KHARWAR DISTRICT, Afghanistan — While many government jobs in Afghanistan are handed out as prizes, no one is fighting over the post of Kharwar district sub-governor.

Given the dingy shipping container that serves as both the sub-governor’s home and the district center for this rugged, volatile area high in the Hindu Kush mountains in eastern Afghanistan’s Logar province, it’s no surprise that the last appointee fled his job.

He’d been tricked into taking the post, and lasted just six weeks before he slipped out of a meeting of elders, never to return to the job, said U.S. Army Capt. John Williams, the commander of a small base in the district

For weeks, Kharwar had no district sub-governor. Now, they have a reluctant one, in Ghulam Faruq Hamayoon, who is afraid to travel into much of his district and says he has no support from Kabul.

“The government can’t do anything,” he said. “If they can’t build a district center, how can they help the people?”

Across the country, Afghans’ most persistent complaints are about government corruption and ineffectiveness. In many of the agrarian nation’s more far-flung places — like Kharwar, a series of rough-hewn villages 8,000 feet up in the mountains — villagers often go months without seeing a government official.

The mountainous provinces of eastern Afghanistan have long simmered with insurgent activity. Fighters pour across the Pakistan border each spring and the Afghan government struggles to exert authority.

Hamayoon looks perpetually weary and overwhelmed by his task. He is supposed to have a staff of eight, but so far he works alone.

When he swooped in via Black Hawk helicopter, flanked by U.S. soldiers, for a hasty visit to the village of Bazi Khel in late April, it was the first time a government official had visited the dusty farming community in more than seven months.

There are no schools in the area, and villagers say they can’t remember the last time Afghan government officials visited without a contingent of U.S. troops for security. Hamayoon was bombarded with complaints during his short tour.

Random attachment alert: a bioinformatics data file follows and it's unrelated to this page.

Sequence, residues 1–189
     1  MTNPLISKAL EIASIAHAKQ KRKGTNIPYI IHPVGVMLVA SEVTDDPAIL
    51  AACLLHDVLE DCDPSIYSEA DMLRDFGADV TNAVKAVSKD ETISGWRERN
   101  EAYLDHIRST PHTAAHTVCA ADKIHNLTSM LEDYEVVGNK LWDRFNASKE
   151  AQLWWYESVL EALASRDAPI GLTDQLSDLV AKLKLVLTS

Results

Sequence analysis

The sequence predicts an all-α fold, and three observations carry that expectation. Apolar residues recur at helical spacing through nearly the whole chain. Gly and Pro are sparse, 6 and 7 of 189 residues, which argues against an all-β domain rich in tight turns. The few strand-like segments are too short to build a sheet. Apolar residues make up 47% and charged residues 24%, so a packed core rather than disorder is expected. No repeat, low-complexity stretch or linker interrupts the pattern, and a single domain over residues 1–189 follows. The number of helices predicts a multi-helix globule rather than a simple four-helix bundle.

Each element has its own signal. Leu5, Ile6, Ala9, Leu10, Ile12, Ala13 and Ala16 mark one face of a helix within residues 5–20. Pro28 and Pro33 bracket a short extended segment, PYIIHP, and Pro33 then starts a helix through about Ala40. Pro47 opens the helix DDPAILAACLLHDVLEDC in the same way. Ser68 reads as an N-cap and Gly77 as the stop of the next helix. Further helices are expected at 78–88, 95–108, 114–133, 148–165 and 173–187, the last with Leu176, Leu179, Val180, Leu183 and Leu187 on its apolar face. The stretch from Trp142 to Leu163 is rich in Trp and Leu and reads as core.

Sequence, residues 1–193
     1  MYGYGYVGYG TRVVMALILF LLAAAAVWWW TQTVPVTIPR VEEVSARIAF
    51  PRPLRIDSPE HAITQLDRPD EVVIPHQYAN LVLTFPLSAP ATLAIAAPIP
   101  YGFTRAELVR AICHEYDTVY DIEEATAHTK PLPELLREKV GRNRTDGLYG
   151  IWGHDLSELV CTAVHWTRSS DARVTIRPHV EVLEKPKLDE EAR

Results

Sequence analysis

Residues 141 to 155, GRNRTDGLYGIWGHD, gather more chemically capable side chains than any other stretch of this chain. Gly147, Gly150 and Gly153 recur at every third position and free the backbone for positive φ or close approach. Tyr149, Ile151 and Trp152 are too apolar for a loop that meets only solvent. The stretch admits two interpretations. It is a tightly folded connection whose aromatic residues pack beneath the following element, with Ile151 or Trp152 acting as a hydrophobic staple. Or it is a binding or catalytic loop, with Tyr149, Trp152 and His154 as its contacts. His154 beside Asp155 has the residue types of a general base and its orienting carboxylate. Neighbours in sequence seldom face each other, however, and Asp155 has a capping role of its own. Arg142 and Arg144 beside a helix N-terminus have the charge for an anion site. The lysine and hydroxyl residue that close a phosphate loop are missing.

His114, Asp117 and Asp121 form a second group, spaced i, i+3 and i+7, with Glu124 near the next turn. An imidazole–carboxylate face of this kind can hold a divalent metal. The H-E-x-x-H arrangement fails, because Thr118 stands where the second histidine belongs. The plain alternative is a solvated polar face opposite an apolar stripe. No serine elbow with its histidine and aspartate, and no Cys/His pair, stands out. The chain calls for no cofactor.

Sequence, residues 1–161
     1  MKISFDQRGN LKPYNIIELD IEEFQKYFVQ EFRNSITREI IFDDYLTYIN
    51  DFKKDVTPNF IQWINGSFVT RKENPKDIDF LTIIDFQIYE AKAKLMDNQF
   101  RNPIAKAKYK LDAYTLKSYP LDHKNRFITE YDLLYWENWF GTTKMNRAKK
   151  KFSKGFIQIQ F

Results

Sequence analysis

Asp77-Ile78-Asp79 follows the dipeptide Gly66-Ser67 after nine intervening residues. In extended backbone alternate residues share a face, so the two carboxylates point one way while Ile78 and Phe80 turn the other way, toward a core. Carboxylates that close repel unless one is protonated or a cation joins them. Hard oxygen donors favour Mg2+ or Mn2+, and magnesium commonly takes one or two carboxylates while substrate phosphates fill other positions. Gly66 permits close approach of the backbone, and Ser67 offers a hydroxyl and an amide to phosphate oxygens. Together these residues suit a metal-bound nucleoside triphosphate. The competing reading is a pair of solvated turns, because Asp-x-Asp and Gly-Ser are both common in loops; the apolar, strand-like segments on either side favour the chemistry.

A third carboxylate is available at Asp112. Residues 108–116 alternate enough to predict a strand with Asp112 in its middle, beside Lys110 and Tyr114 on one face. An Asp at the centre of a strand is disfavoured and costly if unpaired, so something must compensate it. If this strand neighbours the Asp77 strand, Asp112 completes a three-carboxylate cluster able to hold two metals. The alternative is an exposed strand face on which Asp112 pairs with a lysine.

“They do nothing for us,” one villager said of the Afghan government.

In a village down a dirt path from Bazi Khel, the town’s elder said his people barely get enough to eat and have received no projects from the Afghan government or the U.S. The elder recently received paperwork to apply for projects but had to send it to an acquaintance in another town because no one in his village can read.

He said young people in the area are susceptible to Taliban influence.

“This is why they became bad guys,” he said. “There is no school, no education.”

The only recent interaction with a government official was a man hired to issue identification cards — villagers say he charged 10 times what he was supposed to and pocketed the difference, an accusation confirmed by the district governor.

Williams, 39, who spends most days painstakingly trying to build trust between villagers and the government, said corrupt officials are undermining their efforts.

“They don’t really understand the big picture, that, yeah, they might be getting a little extra but it goes against everything we’re trying to do,” Williams said.

The saga of Kharwar’s last district sub-governor, who lasted only six weeks, is indicative of the problems the central government has in exerting control over remote areas. That man did not want the post but was tricked into coming to Kharwar for a shura, or meeting of elders, by Logar’s provincial governor, Williams said. Once the would-be sub-governor — who was from a different part of Logar province — got off the U.S. military helicopter taking him to the shura, he was informed of his new job and told he couldn’t get back on the chopper to go home.

He didn’t even have a change of clothes.

Six weeks later he returned the favor, flying to a nearby U.S. base for another shura, then slipping out the gate never to return to the job.

In neighboring Wardak province, local government is equally invisible. Most government officials are frightened to travel far from the provincial capital of Maidan Sharh without military protection and loathe to travel too much with the military out of fear it will make them look dependent on the U.S.

At a recent farmer’s shura in Wardak province’s insurgent-rich Tangi Valley, U.S. Department of Agriculture adviser Gary Soiseth sat alone on benches set up for villagers, head downcast. The shura had ended disastrously before it began.

First, the Afghans who staff the provincial branch of the Ministry of Agriculture canceled at the last minute. Then, none of the local villagers showed up.

Soiseth, a 25-year-old Californian whose family runs an almond ranch, works with the province’s agricultural officials in Maidan Shar. He said they mean well but rarely meet with any farmers outside of their office because they are too frightened to travel. The only government official most Afghan farmers see is Soiseth, fueling the notion that the Afghan government is inept and the American government is the only one that can provide goods and services.

“They look at me like a checkbook,” Soiseth said.

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